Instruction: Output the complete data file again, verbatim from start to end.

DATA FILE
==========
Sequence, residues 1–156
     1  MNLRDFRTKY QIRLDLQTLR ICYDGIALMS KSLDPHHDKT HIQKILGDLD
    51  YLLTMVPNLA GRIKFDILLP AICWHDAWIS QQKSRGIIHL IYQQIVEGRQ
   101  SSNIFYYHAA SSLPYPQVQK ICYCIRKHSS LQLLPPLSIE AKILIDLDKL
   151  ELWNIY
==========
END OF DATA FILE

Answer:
Sequence, residues 1–156
     1  MNLRDFRTKY QIRLDLQTLR ICYDGIALMS KSLDPHHDKT HIQKILGDLD
    51  YLLTMVPNLA GRIKFDILLP AICWHDAWIS QQKSRGIIHL IYQQIVEGRQ
   101  SSNIFYYHAA SSLPYPQVQK ICYCIRKHSS LQLLPPLSIE AKILIDLDKL
   151  ELWNIY